Samurai among Panthers
Richard Aoki on Race, Resistance, and a Paradoxical Life
Publication Year: 2012
An iconic figure of the Asian American movement, Richard Aoki (1938–2009) was also, as the most prominent non-Black member of the Black Panther Party, a key architect of Afro-Asian solidarity in the 1960s and ’70s. His life story exposes the personal side of political activism as it illuminates the history of ethnic nationalism and radical internationalism in America.
A reflection of this interconnection, Samurai among Panthers weaves together two narratives: Aoki’s dramatic first-person chronicle and an interpretive history by a leading scholar of the Asian American movement, Diane C. Fujino. Aoki’s candid account of himself takes us from his early years in Japanese American internment camps to his political education on the streets of Oakland, to his emergence in the Black Panther Party. As his story unfolds, we see how his parents’ separation inside the camps and his father’s illegal activities shaped the development of Aoki’s politics. Fujino situates his life within the context of twentieth-century history—World War II, the Cold War, and the protests of the 1960s. She demonstrates how activism is both an accidental and an intentional endeavor and how a militant activist practice can also promote participatory democracy and social service.
The result of these parallel voices and analysis in Samurai among Panthers is a complex—and sometimes contradictory—portrait of a singularly extraordinary activist and an expansion and deepening of our understanding of the history he lived.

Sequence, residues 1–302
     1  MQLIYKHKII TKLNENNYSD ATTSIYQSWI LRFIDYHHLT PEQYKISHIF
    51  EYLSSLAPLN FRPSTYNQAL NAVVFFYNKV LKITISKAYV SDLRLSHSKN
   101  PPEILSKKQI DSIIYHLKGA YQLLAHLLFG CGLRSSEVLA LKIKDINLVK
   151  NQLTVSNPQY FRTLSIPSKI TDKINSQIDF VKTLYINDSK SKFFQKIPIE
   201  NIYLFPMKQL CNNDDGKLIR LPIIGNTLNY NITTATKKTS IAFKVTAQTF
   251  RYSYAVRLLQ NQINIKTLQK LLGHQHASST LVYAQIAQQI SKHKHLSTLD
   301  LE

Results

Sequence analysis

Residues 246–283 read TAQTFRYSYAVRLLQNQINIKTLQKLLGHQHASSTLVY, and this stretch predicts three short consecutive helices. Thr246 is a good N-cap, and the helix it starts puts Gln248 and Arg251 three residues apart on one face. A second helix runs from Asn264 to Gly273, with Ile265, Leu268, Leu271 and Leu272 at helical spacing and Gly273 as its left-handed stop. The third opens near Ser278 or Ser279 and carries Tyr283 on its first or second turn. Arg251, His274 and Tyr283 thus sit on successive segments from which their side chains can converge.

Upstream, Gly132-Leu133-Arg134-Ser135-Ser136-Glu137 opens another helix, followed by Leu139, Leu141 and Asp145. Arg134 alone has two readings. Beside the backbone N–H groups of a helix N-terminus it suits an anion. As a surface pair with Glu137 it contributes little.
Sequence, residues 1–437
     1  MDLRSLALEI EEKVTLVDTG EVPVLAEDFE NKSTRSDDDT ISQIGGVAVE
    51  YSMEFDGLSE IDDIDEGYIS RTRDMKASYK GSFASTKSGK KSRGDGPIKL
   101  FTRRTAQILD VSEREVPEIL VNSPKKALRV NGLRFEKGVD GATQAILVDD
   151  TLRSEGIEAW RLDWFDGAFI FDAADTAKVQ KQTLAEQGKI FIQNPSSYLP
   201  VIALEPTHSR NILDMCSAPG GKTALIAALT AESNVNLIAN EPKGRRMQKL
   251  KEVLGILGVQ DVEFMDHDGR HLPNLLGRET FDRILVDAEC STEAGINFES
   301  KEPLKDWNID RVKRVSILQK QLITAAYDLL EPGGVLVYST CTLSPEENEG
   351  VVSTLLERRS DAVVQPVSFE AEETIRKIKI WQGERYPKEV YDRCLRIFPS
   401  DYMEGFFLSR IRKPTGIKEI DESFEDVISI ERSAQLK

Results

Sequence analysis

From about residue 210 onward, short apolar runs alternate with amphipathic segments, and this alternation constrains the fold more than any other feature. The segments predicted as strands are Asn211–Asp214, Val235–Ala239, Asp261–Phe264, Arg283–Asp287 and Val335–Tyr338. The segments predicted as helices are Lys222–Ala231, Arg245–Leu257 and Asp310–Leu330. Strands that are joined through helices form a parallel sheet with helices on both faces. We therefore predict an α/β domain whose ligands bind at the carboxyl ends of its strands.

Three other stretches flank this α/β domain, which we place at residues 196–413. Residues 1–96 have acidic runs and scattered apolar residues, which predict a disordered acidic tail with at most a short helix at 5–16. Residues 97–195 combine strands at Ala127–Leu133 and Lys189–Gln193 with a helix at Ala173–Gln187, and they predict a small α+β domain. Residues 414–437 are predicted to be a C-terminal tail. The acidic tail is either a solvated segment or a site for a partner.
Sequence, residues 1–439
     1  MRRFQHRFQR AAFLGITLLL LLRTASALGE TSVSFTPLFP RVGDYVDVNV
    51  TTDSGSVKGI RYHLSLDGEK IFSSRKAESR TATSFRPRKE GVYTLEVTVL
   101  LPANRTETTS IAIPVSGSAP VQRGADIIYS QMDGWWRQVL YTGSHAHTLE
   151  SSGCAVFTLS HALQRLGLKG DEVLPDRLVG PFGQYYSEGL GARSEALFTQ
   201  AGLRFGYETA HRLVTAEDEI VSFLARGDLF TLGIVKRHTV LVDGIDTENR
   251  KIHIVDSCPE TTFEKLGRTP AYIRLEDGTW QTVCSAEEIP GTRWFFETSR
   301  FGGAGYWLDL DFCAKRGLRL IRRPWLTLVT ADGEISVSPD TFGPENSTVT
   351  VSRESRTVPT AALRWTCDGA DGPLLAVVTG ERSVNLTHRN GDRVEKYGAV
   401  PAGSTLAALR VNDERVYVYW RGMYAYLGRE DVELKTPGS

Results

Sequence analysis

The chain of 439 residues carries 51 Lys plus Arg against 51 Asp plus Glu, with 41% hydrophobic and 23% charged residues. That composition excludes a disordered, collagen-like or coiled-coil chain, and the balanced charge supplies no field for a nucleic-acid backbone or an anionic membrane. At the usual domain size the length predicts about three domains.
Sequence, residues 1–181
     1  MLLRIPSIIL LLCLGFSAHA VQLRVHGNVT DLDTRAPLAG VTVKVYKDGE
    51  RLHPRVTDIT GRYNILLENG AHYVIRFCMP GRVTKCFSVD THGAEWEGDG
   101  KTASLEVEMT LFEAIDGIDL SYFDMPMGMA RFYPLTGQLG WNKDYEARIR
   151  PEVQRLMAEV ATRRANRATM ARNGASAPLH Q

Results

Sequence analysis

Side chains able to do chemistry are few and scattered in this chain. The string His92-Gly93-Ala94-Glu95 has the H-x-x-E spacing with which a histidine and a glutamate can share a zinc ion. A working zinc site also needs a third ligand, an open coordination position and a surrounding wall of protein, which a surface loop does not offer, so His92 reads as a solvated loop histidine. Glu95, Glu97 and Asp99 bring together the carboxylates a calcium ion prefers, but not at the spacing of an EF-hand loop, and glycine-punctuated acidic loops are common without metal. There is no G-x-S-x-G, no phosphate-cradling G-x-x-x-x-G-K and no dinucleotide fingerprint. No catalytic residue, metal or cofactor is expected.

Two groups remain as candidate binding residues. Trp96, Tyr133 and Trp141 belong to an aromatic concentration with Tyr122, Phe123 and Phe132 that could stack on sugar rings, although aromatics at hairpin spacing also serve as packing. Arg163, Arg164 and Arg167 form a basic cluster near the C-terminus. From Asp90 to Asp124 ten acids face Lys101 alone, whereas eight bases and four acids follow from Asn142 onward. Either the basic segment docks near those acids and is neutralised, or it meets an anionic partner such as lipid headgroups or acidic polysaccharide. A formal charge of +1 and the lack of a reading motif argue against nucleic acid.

Published by: University of Minnesota Press
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Title Page, About the Series, Copyright, Dedication
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Introduction: Demystifying the Japanese Radical Cat
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At his memorial service in May , there were signs that Richard Aoki’simage could rival that of Che Guevara—in style that is, though of coursenot in fame.1 The memorial, held at UC Berkeley’s Wheeler Auditorium,began with a processional of former Black Panther Party (BPP) membersholding a large painted banner that proclaimed Aoki to be a “People’s War-...
1. “My Happy Childhood That I Don’t Remember”
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I’ve been told that my early years, before the war, were the happiest periodof my childhood. I was adored by my extended family. Yet I don’t rememberit. I was born on November , , in the year of the tiger and in theEuropean zodiac, Scorpio. I’ve heard rumors that my birth was a bit of a sur-prise. My father was a big man on campus. He was, my mother’s sister Decky...
Disrupting the Deviant–Noble Binary
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But the American Dream shatters and the Japanese American nightmaretakes over. What was this Japanese American nightmare? It was the exclusion,evacuation, and internment of the national Japanese American community onthe West Coast. Now comes the end of Richard’s happy childhood, whichThis is an atypically short chapter. I considered combining it with the next,...
2. “Protecting the Japanese”
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December , . I don’t recall anything about the immediate eﬀects ofPearl Harbor, such as the radio broadcast or the panic and confusion. I learnedlater that on December seventh, a few thousand Japanese Americans werelocked up, though they committed no crime. They all were loyal citizens—min-isters, teachers, community leaders, and businesspeople. The irony of it is that...